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Printer-Encoder Order Represents New DOD Milestone
Lowry Computer's $8.7 million contract for 1,804 EPC Gen 2 RFID printer-encoders will enable defense distribution depots to extend RFID use further down the supply chain.
Mar 11, 2008—The U.S. Department of Defense (DOD) continues to make strides in its deployment of EPC Gen 2 RFID technology to track hundreds of thousands of shipments covering a wide variety of assets, from weapons to rations. Late last month, the department awarded a multiyear, multimillion-dollar contract for RFID equipment and installation services to Lowry Computer Products, a Brighton, Mich., maker and systems integrator of EPC RFID products and solutions.
Specifically, the $8.7 million, five-year contract was handed down by the DOD's Defense Logistic Agency's (DLA) Defense Distribution Center (DDC), which is the Defense Department's combat-support agency and the DLA's lead center for distribution. The DDC operates 26 distribution depots worldwide and is responsible for the receipt, storage, issue, packing, preservation and transportation of more than 4 million items.
Under the terms of the agreement, Lowry Computer is supplying the DDC with thermal-transfer tag and label RFID printer-encoders from Irvine, Calif.-based Printronix, as well as providing training and warranty coverage. By the end of April, says Steve Lowry, Lowry Computer's executive VP, the company expects to have shipped 1,804 of the RFID printer-encoders, which work with EPC Gen 2 passive tags, to 21 locations around the world. "We have shipped most of the units," Lowry says. "The installation started in January, and will be completed in April. Everything has gone exceedingly well."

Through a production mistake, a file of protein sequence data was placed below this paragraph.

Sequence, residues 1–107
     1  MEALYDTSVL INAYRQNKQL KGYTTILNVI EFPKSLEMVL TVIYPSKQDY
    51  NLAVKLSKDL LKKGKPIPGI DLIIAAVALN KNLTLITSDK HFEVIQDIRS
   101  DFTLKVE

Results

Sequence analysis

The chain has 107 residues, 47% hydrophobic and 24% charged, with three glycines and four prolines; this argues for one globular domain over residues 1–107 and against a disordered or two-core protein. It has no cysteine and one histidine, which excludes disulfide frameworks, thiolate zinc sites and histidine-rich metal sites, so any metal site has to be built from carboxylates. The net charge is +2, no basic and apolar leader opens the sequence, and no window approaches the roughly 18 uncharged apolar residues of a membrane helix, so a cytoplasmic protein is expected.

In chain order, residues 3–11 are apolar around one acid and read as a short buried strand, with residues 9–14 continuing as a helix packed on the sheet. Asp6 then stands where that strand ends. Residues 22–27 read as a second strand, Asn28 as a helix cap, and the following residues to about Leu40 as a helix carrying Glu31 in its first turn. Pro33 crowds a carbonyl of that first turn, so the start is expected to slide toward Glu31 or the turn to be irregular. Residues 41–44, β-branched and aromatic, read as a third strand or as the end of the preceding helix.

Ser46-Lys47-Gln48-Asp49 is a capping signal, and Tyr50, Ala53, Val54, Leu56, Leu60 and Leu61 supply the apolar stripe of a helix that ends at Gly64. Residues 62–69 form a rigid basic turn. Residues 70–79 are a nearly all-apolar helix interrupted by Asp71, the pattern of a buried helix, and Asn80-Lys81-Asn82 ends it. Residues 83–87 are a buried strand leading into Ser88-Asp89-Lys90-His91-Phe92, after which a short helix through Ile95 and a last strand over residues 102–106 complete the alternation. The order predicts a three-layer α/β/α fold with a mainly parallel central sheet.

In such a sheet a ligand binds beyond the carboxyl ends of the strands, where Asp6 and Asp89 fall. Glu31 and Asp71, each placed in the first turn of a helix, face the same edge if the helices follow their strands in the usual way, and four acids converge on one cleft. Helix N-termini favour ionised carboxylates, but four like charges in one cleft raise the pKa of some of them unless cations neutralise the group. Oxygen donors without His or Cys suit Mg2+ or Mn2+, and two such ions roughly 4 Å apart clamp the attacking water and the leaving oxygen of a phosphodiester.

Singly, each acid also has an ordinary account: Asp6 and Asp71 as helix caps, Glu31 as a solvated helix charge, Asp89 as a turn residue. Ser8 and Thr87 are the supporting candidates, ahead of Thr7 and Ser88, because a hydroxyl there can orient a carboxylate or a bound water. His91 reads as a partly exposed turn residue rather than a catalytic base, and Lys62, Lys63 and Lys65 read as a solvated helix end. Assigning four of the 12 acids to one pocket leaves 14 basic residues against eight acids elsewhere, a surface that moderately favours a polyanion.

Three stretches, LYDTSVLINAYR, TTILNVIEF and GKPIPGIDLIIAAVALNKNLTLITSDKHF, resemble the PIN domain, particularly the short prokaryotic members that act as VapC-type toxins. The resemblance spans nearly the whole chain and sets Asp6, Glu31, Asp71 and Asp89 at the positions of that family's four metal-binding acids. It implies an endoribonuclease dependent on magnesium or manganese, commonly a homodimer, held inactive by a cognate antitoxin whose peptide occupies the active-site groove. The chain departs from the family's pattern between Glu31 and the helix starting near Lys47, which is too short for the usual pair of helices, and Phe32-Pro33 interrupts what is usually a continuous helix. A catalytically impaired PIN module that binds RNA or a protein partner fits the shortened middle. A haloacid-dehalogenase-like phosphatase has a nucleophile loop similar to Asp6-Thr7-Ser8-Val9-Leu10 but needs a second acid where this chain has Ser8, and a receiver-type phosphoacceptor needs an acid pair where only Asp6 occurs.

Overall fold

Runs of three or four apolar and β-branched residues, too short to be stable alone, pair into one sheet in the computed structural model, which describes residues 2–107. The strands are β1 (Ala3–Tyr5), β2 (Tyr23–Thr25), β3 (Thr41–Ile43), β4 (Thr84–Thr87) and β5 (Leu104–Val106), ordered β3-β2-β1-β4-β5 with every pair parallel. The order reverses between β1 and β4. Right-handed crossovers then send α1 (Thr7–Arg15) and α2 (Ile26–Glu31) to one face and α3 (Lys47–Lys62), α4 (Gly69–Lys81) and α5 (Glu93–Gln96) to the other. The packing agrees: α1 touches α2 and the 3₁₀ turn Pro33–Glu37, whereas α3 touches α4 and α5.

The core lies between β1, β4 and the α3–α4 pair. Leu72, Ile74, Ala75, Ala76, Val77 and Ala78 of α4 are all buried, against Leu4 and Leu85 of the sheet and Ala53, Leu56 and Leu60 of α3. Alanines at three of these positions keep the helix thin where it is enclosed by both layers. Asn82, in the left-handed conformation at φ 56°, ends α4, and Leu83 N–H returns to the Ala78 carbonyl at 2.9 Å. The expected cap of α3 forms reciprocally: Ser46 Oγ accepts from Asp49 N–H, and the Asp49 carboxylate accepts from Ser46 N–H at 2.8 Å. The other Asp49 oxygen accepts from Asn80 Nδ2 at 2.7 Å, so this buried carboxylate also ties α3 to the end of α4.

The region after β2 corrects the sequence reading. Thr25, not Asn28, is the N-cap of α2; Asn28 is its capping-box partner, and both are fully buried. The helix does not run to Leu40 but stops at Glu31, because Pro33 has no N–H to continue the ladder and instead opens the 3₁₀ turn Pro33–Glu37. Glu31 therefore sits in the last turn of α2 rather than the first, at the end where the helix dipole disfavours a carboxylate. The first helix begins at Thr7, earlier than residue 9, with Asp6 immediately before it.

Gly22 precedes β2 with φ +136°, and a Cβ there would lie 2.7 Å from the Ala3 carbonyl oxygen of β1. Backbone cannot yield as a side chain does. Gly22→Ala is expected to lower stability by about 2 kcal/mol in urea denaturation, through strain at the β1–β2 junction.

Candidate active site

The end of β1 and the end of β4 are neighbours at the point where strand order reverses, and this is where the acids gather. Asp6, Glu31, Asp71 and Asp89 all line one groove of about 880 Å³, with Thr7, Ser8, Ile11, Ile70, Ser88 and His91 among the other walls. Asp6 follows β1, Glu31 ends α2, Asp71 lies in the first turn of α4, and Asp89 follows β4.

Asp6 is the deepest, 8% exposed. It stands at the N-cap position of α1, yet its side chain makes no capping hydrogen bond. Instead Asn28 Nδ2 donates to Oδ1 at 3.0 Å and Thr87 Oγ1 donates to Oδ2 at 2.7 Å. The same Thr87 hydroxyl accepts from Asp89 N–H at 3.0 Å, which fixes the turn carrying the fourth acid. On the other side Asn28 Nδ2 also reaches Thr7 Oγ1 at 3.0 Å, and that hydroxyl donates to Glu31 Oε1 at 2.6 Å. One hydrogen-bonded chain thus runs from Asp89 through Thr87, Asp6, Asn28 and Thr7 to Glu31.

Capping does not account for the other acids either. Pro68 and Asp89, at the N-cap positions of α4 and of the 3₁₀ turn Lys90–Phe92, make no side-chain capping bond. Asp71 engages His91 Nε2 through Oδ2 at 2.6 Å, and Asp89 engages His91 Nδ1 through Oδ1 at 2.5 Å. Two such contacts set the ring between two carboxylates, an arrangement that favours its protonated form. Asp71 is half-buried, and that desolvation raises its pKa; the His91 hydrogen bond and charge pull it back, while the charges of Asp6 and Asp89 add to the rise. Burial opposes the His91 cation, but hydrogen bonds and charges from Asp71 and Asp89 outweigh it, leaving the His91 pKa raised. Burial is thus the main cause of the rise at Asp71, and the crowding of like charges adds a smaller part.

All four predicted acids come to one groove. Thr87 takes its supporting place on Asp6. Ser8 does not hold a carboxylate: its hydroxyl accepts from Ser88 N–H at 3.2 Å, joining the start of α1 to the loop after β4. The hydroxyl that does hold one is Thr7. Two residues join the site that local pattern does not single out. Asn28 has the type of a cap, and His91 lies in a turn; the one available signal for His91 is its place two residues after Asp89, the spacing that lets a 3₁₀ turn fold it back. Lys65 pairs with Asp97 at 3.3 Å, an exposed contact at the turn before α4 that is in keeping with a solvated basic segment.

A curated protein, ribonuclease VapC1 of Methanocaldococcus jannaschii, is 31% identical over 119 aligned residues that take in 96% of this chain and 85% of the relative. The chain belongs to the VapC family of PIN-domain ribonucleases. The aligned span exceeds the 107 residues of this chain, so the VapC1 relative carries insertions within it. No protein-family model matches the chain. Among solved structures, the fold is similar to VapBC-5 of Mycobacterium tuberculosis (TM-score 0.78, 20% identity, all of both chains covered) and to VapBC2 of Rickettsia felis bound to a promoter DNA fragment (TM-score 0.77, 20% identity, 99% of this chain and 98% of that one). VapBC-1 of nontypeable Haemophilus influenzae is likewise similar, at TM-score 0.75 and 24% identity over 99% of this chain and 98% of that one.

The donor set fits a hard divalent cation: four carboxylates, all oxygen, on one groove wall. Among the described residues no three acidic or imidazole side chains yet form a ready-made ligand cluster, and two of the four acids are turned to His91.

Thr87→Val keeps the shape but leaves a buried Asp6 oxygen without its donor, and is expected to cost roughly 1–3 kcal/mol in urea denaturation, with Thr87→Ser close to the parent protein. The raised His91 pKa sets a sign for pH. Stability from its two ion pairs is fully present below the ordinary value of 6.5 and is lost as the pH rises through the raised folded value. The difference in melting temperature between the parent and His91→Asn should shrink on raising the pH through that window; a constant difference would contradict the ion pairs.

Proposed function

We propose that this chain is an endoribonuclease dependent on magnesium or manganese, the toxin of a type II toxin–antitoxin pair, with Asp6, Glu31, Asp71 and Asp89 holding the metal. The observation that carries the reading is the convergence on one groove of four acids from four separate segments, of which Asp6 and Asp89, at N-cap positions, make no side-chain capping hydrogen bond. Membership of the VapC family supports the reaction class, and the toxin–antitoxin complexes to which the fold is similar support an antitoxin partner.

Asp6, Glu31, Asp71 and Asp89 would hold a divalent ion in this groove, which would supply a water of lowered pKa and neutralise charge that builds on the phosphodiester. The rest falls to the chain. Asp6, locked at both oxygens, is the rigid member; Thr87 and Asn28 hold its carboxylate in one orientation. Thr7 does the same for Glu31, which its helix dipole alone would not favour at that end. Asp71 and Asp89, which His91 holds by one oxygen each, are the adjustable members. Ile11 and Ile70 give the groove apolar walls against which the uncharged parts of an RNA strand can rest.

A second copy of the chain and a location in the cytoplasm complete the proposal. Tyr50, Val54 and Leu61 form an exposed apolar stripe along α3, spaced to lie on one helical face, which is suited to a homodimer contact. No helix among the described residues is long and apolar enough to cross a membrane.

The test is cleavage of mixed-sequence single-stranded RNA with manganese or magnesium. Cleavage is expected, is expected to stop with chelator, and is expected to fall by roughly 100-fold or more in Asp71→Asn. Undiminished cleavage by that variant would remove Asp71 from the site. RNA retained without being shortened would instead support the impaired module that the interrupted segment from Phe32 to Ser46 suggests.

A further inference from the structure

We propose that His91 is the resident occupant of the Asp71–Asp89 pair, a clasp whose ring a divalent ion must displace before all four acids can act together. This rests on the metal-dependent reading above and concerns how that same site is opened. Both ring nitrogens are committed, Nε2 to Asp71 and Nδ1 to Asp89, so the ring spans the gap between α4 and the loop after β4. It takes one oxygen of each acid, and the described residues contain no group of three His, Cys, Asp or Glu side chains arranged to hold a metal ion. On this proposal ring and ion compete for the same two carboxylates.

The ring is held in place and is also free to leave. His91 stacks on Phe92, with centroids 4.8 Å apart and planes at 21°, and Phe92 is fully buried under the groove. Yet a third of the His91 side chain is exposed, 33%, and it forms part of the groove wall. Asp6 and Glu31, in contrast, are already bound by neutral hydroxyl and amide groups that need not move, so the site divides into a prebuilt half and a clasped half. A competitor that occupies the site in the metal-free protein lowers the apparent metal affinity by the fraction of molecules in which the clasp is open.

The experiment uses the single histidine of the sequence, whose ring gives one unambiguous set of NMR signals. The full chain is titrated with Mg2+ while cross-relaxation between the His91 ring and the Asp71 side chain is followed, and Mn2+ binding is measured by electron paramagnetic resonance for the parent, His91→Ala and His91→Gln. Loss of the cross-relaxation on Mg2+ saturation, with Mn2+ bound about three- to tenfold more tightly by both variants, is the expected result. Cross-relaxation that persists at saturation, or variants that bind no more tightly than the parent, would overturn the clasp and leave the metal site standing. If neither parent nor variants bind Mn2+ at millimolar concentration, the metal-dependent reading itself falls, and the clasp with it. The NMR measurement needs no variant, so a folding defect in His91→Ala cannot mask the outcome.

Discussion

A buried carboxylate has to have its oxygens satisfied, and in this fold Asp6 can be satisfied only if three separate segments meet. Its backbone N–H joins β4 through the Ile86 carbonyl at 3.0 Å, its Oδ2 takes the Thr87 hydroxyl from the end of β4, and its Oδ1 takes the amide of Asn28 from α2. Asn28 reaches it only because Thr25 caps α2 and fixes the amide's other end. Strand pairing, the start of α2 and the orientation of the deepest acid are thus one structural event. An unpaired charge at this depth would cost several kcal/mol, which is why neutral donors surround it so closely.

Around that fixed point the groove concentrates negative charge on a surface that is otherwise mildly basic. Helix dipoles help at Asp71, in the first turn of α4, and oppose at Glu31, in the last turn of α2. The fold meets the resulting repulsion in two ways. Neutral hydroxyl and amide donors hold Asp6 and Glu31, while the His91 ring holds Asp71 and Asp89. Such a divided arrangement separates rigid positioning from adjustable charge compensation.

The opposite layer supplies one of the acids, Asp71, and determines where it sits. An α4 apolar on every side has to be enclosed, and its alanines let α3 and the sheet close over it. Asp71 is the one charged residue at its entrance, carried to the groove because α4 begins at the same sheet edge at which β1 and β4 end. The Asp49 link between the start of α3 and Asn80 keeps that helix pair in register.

On its own, the contract may not seem significant. The DOD, after all, has awarded several large-scale contracts to various RFID providers. In early February, Savi Technology announced that the department had extended the time and increased the value of its Radio Frequency Identification (RFID) II contract. The contract has been extended to Jan. 31, 2009, and its ceiling increased by about $60 million—to $483 million—for Savi's active 433 MHz RFID products and services. What's more, the Defense Department has been phasing in the use of passive ultrahigh-frequency (UHF) RFID tags since 2004, when it first began laying the foundation of EPC RFID infrastructure so it could start receiving tagged pallets and cases from suppliers, as part of its RFID requirements that took effect in January 2005.
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